Smog blankets Beijing in February 2014. Alexander Yuan/AP

Three years of air-quality readings in Beijing are mixed into this unsettling track.

Smog—you can smell it, taste it, and now groove to it, too, thanks to this weirdly compelling track from New York's "data-driven DJ" Brian Foo.

The experimental musician took three years of air-quality readings from a U.S. State Department site in Beijing (current status: "Unhealthy"), and mixed them with samples from the Nine Inch Nails song "32 Ghosts IV."

Why that particular track? "Industrial Music: is a genre of music that generally uses electronic technology (such as synthesizers and white noise ) in a harsh and abrasive manner," Foo explains. "I believed this would be the most appropriate types of sounds to sample from since much of China's pollution is driven by its recent industrial and technological boom."

The result is an unsettling but magnetizing score, with a pounding bass beat invoking the dread of the Jaws theme. When the music starts blipping like crazy, that's when you know you've entered a period when Beijing was awash in noxious fine-particulate matter. Here's Foo with more:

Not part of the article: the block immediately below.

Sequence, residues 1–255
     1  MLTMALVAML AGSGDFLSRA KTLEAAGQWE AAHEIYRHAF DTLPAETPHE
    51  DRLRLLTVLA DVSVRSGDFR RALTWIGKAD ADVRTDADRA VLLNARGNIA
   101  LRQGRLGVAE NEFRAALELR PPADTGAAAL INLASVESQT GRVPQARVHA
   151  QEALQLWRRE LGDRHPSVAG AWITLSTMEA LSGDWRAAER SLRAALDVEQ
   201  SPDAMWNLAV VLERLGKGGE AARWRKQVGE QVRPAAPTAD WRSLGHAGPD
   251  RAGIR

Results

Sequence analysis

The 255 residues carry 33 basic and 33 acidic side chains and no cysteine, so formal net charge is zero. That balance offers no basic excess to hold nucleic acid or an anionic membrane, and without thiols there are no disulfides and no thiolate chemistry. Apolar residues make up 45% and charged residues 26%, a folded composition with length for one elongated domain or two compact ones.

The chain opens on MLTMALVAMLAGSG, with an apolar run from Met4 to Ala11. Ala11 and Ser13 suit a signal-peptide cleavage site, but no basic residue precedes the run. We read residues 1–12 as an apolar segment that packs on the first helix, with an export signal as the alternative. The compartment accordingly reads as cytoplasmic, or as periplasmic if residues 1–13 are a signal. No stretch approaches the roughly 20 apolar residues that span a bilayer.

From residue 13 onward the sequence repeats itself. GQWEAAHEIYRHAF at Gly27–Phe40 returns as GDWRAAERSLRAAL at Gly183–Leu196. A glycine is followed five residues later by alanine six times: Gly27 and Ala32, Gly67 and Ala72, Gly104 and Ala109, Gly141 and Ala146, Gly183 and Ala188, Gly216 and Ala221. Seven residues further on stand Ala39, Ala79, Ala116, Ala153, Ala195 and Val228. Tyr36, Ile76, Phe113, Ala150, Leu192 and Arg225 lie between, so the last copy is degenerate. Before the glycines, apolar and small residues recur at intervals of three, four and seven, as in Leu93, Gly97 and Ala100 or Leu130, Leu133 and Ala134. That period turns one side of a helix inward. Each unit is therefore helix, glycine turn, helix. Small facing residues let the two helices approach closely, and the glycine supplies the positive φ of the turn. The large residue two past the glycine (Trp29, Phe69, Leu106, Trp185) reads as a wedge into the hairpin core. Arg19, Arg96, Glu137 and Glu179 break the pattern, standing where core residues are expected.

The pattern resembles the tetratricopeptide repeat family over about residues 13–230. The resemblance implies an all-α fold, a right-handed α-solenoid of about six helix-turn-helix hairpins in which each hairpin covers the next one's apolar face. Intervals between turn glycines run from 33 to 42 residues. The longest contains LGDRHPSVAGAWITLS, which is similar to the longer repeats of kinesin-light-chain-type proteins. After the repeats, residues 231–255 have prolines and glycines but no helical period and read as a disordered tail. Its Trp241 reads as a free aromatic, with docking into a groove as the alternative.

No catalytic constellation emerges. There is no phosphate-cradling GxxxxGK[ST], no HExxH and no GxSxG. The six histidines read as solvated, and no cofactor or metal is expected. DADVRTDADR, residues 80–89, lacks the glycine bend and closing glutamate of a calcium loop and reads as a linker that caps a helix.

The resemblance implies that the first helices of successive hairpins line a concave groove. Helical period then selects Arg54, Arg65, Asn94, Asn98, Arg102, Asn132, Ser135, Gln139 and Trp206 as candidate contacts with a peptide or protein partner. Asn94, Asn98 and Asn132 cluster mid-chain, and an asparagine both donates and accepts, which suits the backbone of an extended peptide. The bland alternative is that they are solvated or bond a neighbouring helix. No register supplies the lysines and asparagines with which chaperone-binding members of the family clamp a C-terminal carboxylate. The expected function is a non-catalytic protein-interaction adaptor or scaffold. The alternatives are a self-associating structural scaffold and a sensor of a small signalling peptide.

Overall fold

The song becomes "polluted" after many consecutive days of unhealthy readings rather than being affected by any single daily reading. Conversely, the song will "clear up" after many consecutive days of good or moderate readings. I decided to create the song in this way because it was more [analogous] to the impact of pollution on a Beijing resident's health over a longer period of time.

This is an animated version of the asthmatic anthem. Look for the pollution to peak in the winter, usually around January:

H/t TreeHugger

About the Author

Most Popular

  1. Life

    How Manhattan Became a Rich Ghost Town

    New York’s empty storefronts are a dark omen for the future of cities.

  2. A pink-shaded map of Los Angeles showing student debt burden
    Equity

    The Neighborhoods Buried In Student Debt

    How much of your paycheck goes towards student loans?

  3. Transportation

    Why Public Transportation Works Better Outside the U.S.

    The widespread failure of American mass transit is usually blamed on cheap gas and suburban sprawl. But the full story of why other countries succeed is more complicated.

  4. Equity

    Why Are So Many People In San Jose Fighting Housing for Teachers?

    The school system’s plan to build affordable apartment units for the city’s teachers has triggered a fierce backlash in one affluent area.

  5. Equity

    How a Booming City Can Be More Equitable

    In Durham, North Carolina, abandoned factories are becoming tech hubs and microbreweries. But building a shared commitment to its most vulnerable citizens could be a trickier feat of redevelopment.